How to phone bank as a raging introvert
So you’re an introvert? So you hate talking on the phone? So you are intimidated talking to strangers?
Me too. I don’t answer my phone when it rings. If I need to find an electrician, I will immediately narrow my options to those who allow you to request a quote online. If I bought the wrong item, there is a decent chance I’ll just donate it instead of dealing with an exchange. I even spent six years in a job where talking was literally a reason to be fired. Real, human interaction? Nah. I’ll pass.
For some reason I still haven’t quite figured out, a year after leaving a job that didn’t involve speaking, I decided to take a job as a public speaker. Every day for the first two years, I woke up with gut-wrenching anxiety.
But facing that anxiety changed who I am, and it changed what I could do. Phone banking can do that too.
How to phone bank as a raging introvert:
1) Find something you are passionate about.
There is a 0% chance I would have ever considered getting up in front of an audience and talking about myself. That public speaking job? It’s working for an organization whose mission I align with down to my core. I wasn’t doing it for me. I was doing it to make the world a better place. That notion didn’t make the anxiety, nerves and lack of confidence any better, but it did motivate me to face it day after day. When it comes to phone banking, if you are doing it just to do it, you won’t enjoy it. Don’t focus on it being you talking to a voter; focus on the person you are making calls for. What do you love about this candidate? Why do you think they are the best choice? Thinking about this may not cure the tummy ache, but it will help you pick up the phone and hit call.
2) Focus on the successes.
Most people don’t answer. Some that do won’t want to talk. Some are absolutely against your candidate but have the decency to tell you nicely. There are very few angry/aggressive strangers on the other end.
And then there’s what’s left — the small percentage of people that answer with positivity. Some are already on your side. I recently got a “(insert candidate) is my King!” reply. That’s always worth a smile. But the absolute best part is having an honest conversation with a voter who will help decide the election. When someone goes from “eh, I’m not sure” to “I’ll be checking them out as soon as we get off!” or, even better, when they sign up to volunteer right then and there. (It happens!). You end those calls with a high. It’s the memories of those that help you sign up again. Because YOU made a difference for your candidate and for the values for which you believe in. And that’s how elections are won — brick by brick. Win or lose, you fought. It doesn’t take any effort at all to focus on these highs. They will stay with you and impact you far more than any aggression.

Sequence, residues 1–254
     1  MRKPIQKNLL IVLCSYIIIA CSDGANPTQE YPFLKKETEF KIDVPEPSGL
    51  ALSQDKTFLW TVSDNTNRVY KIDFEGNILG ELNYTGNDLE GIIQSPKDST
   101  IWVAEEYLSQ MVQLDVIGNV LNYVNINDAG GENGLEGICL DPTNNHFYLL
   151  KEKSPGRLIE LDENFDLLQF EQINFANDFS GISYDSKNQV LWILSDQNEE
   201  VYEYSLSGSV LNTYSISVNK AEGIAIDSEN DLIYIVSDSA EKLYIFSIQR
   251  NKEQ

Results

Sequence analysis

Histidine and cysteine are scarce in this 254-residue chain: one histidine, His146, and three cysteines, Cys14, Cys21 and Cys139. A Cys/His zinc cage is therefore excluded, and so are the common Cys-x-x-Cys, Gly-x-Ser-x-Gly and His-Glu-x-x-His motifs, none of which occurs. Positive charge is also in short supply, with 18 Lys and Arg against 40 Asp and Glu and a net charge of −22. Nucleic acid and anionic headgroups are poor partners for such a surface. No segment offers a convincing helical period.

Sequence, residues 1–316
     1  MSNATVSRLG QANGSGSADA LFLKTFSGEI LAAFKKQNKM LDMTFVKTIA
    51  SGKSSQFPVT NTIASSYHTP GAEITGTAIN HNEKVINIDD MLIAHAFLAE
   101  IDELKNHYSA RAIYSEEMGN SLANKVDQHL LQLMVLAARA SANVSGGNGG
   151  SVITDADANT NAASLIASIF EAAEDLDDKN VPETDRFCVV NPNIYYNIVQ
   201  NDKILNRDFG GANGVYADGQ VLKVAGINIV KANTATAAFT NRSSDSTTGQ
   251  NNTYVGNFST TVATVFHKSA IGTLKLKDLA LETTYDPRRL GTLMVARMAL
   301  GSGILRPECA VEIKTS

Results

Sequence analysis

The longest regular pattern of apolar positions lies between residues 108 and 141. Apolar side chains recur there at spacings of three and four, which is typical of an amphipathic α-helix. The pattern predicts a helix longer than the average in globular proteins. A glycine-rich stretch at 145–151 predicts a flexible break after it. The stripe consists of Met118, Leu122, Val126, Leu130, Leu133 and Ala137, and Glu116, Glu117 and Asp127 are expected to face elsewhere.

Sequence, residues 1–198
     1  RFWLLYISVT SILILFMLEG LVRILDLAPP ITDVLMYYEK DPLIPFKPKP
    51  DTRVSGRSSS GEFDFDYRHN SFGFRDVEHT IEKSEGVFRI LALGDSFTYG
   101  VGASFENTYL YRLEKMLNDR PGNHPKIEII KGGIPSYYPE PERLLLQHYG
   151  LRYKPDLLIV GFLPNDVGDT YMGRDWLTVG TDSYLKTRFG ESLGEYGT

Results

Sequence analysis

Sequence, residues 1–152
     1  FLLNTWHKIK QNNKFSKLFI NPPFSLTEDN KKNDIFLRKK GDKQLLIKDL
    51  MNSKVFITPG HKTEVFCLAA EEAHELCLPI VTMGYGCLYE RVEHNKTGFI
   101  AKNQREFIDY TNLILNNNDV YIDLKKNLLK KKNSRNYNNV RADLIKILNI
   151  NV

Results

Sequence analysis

3.) A new skill set.
Of course, there’s the obvious building of communication skills- something that is transferable to all mediums and the importance of which can never be understated. But that’s not all you’ll gain.
There is also leadership. Pre-pandemic, you might have phone banked in a field office with other staffers and volunteers. During COVID, you might be with a group of people on zoom, or you may also be by yourself in your room. All of these allow you to build leadership skills. You’ll start as the person asking all the questions (or, if you are anything like me, hoping someone else does), but, eventually, you are the one answering them. Volunteer enough, and you’ll likely be asked to host phone banks, train new volunteers, be a precinct captain, or take on another crucial role. You become a leader before you know it.
Most importantly, you gain confidence. You might very well be that person that hopes someone else asks the questions when you first start because you don’t feel up to it. You may be the person to take 5-minute breaks between each call at first to decompress and re-face the nerves. That is all completely normal.